Do Readers Want Library eLending?

There are two things of which I am reasonably certain:

  1. Librarians want a viable, robust library lending model for the ereading era.
  2. Publishers don’t. 

But what and authors and readers?  Do they want a viable library lending model?  I have a hunch that many authors think that obscurity – not having their works come to the attention of potential readers – is a greater threat than being denied a maximum revenue return on their writing activities because of some piracy, the loaning of copies to friends, and the lending of library-owned copies.

When it comes to readers, I assume that most want a robust library lending model for the ereading era, but a 2010 survey and resulting research report and market analysis by PricewaterhouseCoopers (PwC) is cause for concern.  The survey was administered to 1,000 citizens in each of four countries:  U.S., U.K., Germany, and the Netherlands.  (The researchers also interviewed 40 experts.)  All survey respondents were between the ages of 18 and 65.  According to the methodology section of the PwC report, “The consumers were selected in a census-representative manner with regard to sex, age, and profession.” 

library stacksOf the respondents who indicated that they already owned a portable ereader or were interested in getting one (either through purchase or as a gift, I assume), they were asked in one of the survey questions how important a list of 21 features and affordances of ereaders were for them personally. 

The list of 21 features was a good mix of aspects of the hardware, software, and content.  The feature that the most respondents indicated was very important to them was long battery life.  Approximately 74 percent of the American respondents indicated this.  The second most important feature (about 68 percent for U.S. respondents) was a wide range of ebooks.  Other features that were very important to the Americans included:  damage resistant/easy to clean (60 percent); user-friendly operation (59 percent); display size (54 percent); and an integrated ebook store (54 percent). 

Well down the list of very important features was the concept of a lending service from a library.  About 33 percent of the Americans who respondent indicated that this was a very important feature, and only about 24-25 percent of the Brits, Germans, and Dutch rated this as a very important feature.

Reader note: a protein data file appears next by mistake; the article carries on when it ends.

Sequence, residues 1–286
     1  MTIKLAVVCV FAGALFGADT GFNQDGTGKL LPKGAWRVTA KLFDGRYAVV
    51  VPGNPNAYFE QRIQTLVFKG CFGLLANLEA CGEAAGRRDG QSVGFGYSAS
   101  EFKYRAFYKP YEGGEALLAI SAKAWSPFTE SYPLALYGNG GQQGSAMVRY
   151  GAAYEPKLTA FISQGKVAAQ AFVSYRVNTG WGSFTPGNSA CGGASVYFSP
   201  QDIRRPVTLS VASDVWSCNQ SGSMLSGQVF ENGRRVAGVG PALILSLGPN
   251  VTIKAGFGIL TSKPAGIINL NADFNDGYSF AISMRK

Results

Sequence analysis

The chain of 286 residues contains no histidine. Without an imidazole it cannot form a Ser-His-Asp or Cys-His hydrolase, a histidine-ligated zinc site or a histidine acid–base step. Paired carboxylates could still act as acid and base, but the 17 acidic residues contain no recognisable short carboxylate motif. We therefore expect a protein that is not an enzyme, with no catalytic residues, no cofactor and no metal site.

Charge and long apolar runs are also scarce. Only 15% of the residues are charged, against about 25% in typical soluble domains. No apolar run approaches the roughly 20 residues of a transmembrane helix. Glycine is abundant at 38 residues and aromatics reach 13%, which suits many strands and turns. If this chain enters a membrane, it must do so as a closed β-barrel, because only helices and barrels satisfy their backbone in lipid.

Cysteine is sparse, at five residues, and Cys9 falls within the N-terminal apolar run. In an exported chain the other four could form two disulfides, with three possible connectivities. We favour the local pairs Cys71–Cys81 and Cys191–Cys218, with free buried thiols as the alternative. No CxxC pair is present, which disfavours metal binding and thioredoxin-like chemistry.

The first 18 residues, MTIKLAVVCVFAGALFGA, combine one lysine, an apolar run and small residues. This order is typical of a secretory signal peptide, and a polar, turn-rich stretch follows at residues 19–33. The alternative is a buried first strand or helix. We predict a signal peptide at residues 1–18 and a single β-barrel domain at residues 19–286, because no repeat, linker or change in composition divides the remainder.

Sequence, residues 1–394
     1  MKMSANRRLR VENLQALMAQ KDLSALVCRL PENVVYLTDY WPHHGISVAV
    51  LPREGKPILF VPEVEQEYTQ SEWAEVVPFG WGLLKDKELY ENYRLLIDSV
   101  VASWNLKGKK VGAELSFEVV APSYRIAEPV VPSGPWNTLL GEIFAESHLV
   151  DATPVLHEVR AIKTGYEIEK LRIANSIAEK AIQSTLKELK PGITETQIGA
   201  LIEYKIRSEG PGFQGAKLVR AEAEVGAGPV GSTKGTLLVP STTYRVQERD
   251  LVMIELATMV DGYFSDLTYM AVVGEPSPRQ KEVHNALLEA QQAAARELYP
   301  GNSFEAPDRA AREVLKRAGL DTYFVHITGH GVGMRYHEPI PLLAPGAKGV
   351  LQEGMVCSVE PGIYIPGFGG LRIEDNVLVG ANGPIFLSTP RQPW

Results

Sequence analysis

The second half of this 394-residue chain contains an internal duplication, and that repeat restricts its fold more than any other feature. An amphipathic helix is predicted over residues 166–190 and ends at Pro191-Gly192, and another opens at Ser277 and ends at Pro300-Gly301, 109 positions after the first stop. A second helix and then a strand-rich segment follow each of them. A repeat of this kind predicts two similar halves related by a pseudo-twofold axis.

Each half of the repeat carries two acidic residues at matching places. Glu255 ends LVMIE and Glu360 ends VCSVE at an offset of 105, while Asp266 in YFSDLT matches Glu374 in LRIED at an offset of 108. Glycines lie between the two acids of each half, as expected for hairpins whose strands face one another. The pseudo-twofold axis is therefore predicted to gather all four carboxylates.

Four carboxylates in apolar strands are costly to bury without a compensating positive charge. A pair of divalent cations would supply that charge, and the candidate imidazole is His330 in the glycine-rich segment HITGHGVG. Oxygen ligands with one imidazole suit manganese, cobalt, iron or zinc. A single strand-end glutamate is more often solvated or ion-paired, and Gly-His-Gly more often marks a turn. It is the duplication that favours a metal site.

While these survey results are disappointing from the standpoint of this librarian, we need to bear in mind that this is just one survey, conducted over half a year ago in May 2010. Most people who are already ereading or seriously considering it may be focused on selecting a portable ereading device and integrating it into their reading lives.  After they’ve purchased a few eBook titles at $10 to $15 per unit, they may develop a greater appreciation of the value of a robust library lending system for the ereading era. 

I also don’t really know how the survey question that led to the results presented in Figure 10 on page 21 of this report was framed and contextualized.  I don’t even know how the respondents were instructed to respond.  Was there an opportunity to indicate other desired features that were not on the list presented to them?  Were they presented with this list of features and asked to select the, say, five that they considered the most important?  If so, the fact that one in three of the American respondents included library lending as one of their must-have features may be a positive indicator of a bright future for libraries and the library lending model in the ereading era.  I’ll try to get answers to these questions from the research team and report back.  

UPDATE (Jan. 26, 2011):  Dr. Christina Mueller, a member of the research team, responded to my email inquiry with some clarifying remarks.  She gave me permission to post her remarks here.  This additional information from Dr. Mueller actually warms the cockles of this librarian’s heart, because so many respondents – nearly 3 of every 4 Dutch and American respondent — listed library lending either as very important or important.  This topic is still not in the same league as battery life, but, over time, I think it will grow in importance to readers who engage in portable eReading.